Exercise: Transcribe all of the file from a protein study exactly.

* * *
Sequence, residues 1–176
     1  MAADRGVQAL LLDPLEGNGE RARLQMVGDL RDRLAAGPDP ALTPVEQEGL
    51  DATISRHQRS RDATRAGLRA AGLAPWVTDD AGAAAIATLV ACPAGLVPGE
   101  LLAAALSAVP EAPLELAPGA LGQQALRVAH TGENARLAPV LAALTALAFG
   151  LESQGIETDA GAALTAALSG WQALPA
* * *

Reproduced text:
Sequence, residues 1–176
     1  MAADRGVQAL LLDPLEGNGE RARLQMVGDL RDRLAAGPDP ALTPVEQEGL
    51  DATISRHQRS RDATRAGLRA AGLAPWVTDD AGAAAIATLV ACPAGLVPGE
   101  LLAAALSAVP EAPLELAPGA LGQQALRVAH TGENARLAPV LAALTALAFG
   151  LESQGIETDA GAALTAALSG WQALPA